NFL Network's A Football Life series is set to unveil its take on Tennessee Titans legend Steve McNair.
Born Steve LaTreal McNair, he was drafted out of Alcorn State in 1995 with the No. 3 overall pick by the then-Houston Oilers. He became the team's full-time starter during the 1997 season when it moved to Tennessee to become the Titans.
Throughout his career, "Air" McNair was known as a ferocious competitor who gave every ounce of energy and passion he had to the game of football.
Here is a sample of some of McNair's career highlights.
McNair was not just a great competitor and passionate leader. He was also a highly skilled player who amassed some gaudy numbers and accomplishments throughout his career.
- He completed 2,733 of 4,544 career attempts (60.1 percent) for 31,304 yards (No. 33 all time) with 174 touchdowns (No. 49 all time) and 119 interceptions.
- He rushed for 3,590 yards on 669 career attempts with 37 touchdowns.
- He earned three trips to the Pro Bowl during his career.
- He was selected to one All-Pro team, in 2003.
- He was the co-MVP with Peyton Manning in 2003.
- He led 17 career fourth quarter comebacks and 23 game-winning drives.
- He is the Titans' No. 2 all-time leading passer.
The pinnacle of McNair's professional career came in 1999, when he led the Titans to Super Bowl XXXIV. Unfortunately for him and his team, the final play to Kevin Dyson resulted in a heartbreaking finish that came within inches of the goal line and victory.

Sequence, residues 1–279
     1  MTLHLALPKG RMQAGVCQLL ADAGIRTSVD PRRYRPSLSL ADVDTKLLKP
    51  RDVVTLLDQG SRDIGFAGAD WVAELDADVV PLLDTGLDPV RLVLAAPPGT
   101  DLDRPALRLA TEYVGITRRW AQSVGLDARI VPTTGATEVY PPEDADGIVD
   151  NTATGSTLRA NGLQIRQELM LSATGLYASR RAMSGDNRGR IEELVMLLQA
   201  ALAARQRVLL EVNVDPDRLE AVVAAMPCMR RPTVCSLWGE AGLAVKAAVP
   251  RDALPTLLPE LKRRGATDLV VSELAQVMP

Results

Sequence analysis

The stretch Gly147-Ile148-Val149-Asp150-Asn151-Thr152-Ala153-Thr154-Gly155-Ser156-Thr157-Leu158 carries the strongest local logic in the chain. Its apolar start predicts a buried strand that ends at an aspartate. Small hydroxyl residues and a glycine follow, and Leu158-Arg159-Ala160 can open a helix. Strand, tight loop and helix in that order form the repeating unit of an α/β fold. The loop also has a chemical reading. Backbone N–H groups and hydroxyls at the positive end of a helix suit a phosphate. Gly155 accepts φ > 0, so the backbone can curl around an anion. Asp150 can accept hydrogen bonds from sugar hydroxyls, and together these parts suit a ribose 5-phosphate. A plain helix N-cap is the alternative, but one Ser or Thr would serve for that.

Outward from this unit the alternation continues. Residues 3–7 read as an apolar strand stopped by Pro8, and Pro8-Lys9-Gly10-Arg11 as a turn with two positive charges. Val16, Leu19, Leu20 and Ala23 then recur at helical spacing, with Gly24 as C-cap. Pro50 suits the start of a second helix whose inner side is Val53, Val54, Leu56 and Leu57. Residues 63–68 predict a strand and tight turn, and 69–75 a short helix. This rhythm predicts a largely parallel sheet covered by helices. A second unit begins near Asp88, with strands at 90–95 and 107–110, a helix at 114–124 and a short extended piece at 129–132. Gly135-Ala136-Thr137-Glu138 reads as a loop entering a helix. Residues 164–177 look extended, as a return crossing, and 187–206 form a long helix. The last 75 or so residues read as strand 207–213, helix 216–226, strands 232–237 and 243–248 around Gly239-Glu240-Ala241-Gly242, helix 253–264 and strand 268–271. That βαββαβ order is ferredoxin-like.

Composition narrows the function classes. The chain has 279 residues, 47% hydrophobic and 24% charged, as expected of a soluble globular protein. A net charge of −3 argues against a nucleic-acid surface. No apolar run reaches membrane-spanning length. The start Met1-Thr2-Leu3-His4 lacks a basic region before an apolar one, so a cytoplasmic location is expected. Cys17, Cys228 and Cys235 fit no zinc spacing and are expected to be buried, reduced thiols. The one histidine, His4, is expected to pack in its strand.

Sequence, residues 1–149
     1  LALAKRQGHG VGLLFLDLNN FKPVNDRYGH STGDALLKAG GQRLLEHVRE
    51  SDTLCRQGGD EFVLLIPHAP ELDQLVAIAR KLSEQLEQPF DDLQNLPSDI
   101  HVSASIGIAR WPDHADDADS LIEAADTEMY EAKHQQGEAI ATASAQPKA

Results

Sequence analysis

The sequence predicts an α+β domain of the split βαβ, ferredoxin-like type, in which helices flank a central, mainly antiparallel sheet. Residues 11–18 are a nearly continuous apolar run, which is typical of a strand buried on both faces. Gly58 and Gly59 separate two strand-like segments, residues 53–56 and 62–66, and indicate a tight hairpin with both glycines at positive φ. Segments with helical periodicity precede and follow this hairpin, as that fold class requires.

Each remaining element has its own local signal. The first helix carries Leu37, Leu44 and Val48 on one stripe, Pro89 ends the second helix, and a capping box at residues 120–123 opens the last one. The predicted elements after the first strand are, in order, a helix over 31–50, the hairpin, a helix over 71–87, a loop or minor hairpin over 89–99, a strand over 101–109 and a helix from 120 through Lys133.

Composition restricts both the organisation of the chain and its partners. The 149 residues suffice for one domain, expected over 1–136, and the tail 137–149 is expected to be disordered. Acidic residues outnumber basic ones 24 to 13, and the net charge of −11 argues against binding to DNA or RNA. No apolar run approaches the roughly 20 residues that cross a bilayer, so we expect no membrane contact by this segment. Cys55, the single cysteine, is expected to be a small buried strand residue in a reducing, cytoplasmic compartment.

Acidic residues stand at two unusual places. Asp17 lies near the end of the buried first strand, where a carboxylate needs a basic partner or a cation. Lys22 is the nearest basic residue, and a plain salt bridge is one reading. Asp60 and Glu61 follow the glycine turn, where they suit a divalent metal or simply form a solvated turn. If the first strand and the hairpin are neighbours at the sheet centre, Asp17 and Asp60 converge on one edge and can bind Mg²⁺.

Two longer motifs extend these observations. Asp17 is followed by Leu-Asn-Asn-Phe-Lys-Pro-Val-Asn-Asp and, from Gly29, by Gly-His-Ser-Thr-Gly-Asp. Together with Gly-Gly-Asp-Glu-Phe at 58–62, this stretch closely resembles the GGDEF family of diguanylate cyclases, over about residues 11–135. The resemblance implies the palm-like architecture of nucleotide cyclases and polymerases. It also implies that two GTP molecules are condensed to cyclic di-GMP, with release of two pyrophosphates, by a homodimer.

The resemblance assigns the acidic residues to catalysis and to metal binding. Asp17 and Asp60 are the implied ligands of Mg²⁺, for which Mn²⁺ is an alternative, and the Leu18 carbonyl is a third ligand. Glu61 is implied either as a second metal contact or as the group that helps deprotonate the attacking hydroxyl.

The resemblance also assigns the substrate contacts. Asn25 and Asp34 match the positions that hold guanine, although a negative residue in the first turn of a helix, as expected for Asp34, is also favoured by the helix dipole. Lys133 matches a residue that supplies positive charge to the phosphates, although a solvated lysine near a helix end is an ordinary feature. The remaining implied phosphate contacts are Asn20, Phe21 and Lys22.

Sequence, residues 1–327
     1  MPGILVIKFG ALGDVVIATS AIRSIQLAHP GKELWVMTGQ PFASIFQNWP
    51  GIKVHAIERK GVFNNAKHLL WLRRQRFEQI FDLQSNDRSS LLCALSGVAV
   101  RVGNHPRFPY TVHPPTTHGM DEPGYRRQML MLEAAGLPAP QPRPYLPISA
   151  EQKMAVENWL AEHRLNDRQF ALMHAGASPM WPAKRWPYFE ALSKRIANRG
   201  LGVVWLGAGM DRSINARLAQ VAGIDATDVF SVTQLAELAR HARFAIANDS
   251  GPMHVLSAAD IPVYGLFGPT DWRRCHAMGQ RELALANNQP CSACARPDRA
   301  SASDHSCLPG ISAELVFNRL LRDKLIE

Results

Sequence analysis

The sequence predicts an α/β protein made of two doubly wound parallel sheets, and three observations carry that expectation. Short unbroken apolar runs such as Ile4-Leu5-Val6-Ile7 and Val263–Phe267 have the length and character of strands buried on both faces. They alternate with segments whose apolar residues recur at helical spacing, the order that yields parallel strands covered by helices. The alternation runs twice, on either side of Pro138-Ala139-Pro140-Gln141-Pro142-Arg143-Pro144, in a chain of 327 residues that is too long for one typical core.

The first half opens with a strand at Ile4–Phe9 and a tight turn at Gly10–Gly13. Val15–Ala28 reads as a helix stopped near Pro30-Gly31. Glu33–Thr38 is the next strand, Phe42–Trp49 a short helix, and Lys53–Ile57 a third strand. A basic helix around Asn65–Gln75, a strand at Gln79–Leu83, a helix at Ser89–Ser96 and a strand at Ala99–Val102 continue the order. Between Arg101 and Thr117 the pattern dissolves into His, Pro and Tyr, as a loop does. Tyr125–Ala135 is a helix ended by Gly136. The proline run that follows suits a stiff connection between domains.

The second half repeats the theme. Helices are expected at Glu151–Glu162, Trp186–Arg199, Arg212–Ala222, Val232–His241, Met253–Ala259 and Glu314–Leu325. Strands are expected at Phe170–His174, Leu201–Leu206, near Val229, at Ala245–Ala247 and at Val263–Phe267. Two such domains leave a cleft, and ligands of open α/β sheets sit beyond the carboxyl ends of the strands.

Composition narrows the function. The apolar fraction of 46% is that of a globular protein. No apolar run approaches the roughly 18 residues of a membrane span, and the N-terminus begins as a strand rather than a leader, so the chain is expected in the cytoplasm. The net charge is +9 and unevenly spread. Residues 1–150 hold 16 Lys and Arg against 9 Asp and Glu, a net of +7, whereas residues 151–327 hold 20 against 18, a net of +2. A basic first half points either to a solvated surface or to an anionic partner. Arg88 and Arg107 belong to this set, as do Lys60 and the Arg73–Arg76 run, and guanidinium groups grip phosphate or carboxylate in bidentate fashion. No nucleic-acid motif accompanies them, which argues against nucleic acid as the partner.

In total, McNair made five appearances in the postseason, his last coming in 2006 with the Baltimore Ravens. He retired in April of 2008 after 13 successful seasons in the NFL.
Personal Life and Death
McNair owned a restaurant in Nashville, the Gridiron9.
McNair was killed July 4, 2009 by Sahel Kazemi, who shot him four times in what Nashville police say was a murder-suicide (h/t AP).
He is survived by his four children—Steven L. McNair Jr., Steven O'Brian Koran McNair, Tyler James McNair and Trenton Jon McNair—and his wife Mechelle.
McNair's murder left a void in the NFL that has yet to be filled. He is sorely missed, and his legacy still lives on to this day. He mentored Vince Young until his death, and Young still visits McNair's mother, Lucille, on occasion, according to the Tennessean.
He is in the running for a Hall of Fame nomination this year, according to the Tennessean.
McNair's life and football career have left an indelible imprint on many people throughout the years, and we honor his memory.